Intolerance and conspiracy theories have haunted the margins of France’s “yellow vest” movement since the first protests over fuel taxes roused the discontented middle of French society.
The men and women in fluorescent safety vests blocking traffic and intimidating shoppers on the famed Champs-Elysees Avenue vent a range of grievances against the government.
But over 11 weeks of yellow vest protests, views from the fringes have bubbled through the diffuse and leaderless movement and have been amplified: anti-Semitic rants about banking, a Holocaust survivor harassed on the subway, assaults on journalists, and claims the government concocted terrorist attacks or deadly accidents to divert attention from the demonstrations.
There has been scattered violence at the protests, with clashes between participants and riot police, and authorities worry that the extremists have taken over the centre of the movement, risking a return to the darker episodes from France’s past.
On Saturday in Paris, a man in a yellow vest turned toward a journalist filming at the sidelines of an otherwise quiet match and hurled remarks.
No one in the march joined in, but neither did they contradict him.
In a more positive sign, a group of several hundred protesters forming a human chain in central Lyon inadvertently converged with a Holocaust commemoration that was planned separately by the city. After the boisterous protesters largely complied with a moment of silence for Holocaust victims, Deputy Mayor Jean-Dominique Durand, who organised the memorial, urged the group to “clean house” of any extremist views.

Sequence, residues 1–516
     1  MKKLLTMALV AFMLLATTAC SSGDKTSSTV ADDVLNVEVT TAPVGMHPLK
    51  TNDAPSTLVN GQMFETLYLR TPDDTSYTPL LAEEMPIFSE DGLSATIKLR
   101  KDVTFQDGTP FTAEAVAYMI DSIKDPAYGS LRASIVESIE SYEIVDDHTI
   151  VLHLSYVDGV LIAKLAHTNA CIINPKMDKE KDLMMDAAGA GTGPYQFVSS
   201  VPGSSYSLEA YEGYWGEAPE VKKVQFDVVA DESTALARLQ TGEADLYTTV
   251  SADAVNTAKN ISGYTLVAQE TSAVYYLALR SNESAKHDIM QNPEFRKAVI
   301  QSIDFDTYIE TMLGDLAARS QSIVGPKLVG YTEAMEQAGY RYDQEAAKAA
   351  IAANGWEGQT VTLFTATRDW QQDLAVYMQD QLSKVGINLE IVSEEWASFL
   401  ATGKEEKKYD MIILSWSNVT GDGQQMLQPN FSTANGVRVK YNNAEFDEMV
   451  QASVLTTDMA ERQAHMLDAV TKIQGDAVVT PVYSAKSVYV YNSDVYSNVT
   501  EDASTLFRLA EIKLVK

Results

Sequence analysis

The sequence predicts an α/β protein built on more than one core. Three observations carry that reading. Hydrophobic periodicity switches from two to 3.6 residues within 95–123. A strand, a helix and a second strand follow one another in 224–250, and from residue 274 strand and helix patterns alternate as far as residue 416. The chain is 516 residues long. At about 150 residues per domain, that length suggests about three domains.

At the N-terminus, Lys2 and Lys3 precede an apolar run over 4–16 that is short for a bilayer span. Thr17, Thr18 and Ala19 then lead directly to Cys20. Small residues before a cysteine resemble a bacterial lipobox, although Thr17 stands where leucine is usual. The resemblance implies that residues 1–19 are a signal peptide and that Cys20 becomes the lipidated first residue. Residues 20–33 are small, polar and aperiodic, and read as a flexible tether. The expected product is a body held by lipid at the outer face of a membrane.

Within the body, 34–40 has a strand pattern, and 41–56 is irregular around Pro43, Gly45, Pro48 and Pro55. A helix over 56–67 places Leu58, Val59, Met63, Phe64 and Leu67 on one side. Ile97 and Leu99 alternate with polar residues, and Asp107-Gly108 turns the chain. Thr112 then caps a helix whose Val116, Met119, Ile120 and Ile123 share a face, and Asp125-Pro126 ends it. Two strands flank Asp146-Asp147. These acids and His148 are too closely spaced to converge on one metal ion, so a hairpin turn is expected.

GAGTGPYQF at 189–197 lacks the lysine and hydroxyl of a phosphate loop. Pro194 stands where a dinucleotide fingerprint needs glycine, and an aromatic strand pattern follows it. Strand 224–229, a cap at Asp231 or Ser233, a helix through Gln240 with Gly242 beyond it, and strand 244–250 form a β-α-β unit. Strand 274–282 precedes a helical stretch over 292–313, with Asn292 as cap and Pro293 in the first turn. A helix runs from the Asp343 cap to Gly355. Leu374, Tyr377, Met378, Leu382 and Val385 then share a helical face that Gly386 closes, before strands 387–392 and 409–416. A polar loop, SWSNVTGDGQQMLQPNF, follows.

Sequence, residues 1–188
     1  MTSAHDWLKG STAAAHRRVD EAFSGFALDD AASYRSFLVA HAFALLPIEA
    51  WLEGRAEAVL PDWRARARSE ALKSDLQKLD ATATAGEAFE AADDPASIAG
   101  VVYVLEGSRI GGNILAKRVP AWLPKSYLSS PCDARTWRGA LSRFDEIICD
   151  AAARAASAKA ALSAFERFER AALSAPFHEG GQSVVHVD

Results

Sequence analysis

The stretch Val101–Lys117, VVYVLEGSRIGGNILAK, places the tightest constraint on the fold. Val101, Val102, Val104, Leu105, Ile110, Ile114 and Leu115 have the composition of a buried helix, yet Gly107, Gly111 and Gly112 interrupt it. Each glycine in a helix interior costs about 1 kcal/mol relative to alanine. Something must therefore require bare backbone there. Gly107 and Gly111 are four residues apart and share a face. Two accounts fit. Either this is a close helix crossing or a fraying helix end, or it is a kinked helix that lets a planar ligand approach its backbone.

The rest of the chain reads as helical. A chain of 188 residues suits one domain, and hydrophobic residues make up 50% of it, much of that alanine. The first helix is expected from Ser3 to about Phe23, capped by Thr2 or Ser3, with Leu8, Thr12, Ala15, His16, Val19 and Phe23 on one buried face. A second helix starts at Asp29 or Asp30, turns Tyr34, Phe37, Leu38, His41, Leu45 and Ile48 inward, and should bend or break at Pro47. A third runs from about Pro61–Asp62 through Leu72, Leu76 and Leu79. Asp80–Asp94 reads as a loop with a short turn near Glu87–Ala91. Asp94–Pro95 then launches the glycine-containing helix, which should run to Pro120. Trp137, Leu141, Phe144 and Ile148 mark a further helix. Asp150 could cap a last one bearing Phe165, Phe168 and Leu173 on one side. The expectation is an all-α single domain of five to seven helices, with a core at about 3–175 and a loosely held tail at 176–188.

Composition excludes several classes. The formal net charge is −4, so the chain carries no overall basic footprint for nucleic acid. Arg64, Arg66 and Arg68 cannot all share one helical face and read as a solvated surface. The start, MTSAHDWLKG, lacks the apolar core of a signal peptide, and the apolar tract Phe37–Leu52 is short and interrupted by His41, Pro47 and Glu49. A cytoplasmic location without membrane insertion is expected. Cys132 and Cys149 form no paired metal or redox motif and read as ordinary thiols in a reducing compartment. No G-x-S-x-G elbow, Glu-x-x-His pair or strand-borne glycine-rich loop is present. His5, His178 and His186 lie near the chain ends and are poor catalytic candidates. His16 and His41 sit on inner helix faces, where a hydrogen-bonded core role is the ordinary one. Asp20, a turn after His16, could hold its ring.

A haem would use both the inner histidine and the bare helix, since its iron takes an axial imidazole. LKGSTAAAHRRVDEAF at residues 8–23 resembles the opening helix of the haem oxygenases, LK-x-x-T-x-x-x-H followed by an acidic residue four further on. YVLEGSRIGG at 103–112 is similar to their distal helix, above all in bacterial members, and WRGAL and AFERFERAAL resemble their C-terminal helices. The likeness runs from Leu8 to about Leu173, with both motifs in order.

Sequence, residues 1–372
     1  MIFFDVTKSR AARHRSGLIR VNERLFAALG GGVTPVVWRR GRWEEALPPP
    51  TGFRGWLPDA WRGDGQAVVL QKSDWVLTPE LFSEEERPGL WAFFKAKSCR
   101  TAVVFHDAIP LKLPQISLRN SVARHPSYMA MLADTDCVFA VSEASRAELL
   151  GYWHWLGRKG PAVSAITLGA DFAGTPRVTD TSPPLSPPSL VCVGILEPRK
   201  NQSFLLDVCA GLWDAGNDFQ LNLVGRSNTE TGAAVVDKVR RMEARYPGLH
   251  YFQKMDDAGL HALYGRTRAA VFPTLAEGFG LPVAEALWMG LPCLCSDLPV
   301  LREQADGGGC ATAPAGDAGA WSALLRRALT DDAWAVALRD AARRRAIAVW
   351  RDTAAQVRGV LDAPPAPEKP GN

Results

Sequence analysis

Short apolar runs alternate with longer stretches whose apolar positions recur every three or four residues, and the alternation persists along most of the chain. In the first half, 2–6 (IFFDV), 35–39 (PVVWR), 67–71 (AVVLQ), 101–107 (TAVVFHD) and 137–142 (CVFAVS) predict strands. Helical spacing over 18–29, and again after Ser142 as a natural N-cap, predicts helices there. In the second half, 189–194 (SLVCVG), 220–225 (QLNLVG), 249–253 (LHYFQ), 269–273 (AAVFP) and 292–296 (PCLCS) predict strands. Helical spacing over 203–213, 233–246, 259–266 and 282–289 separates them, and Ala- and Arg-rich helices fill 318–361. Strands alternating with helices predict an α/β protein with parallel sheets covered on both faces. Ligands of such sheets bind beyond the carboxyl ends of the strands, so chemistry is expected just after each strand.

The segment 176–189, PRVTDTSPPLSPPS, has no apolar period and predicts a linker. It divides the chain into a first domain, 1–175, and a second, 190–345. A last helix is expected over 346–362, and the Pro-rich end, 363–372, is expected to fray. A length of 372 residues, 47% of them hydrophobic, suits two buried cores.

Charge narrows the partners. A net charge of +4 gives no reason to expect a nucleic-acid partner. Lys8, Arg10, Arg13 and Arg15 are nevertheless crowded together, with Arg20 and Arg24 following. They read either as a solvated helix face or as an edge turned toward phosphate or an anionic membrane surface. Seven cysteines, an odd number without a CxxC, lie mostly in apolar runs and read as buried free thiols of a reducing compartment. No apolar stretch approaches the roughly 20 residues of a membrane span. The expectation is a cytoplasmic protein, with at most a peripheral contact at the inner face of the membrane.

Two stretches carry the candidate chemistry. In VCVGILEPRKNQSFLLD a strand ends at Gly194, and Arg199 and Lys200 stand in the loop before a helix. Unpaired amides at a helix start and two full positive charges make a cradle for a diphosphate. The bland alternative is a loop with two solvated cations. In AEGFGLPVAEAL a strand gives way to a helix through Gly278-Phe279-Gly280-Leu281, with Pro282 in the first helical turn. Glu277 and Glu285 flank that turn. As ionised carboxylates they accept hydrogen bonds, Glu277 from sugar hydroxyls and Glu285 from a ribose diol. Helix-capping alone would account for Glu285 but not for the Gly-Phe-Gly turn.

“It was an important moment to show that anti-Semitism has no place here,” said yellow vest protester Thomas Rigaud, according to Europe 1 radio.
Marchers at one of the first yellow vest rallies in Paris in November held the French flag aloft while chanting “This is our home!” – a double-edged slogan that resonates with the far-right National Rally party, whose leader Marine Le Pen calls it a “cry of love” for France; critics see only anti-immigrant overtones.
In December, a group of marchers in Paris’ bohemian Montmartre neighbourhood proffered an anti-Semitic salute. They sang lyrics associated with Dieudonne M’bala M’bala, a French comedian convicted several times of racism and anti-Semitism.
The hand gesture and song are both called the “quenelle,” with the gesture mimicking an inverted Nazi salute and the song hinting at Zionist plots. Dieudonne describes them as anti-establishment symbols.
On that same day, men in yellow vests harassed an elderly Holocaust survivor on a subway train when she asked them to stop making the gesture, and one of them replied that the gas chambers that had killed her father never existed.
A journalist who saw the exchange said no one took the woman’s side. France’s Interior Minister said the train operator was trying to identify the men, saying “whether hidden by a yellow vest or in the anonymity of Twitter, anti-Semitism must be fought with all strength.”
Some of France’s most notorious anti-Semitic personalities have been seen at the forefront of some of the Paris protests.
One of them, Herve Ryssen, appeared on the cover of the weekly Paris Match, facing police as he stood before the Arc de Triomphe. Ryssen has been convicted repeatedly of anti-Semitism and provoking acts of discrimination.
He was convicted again last week for Holocaust denial, a crime in France for decades that harkens back to the country’s history of surrendering French Jews to the occupying Nazis to be killed.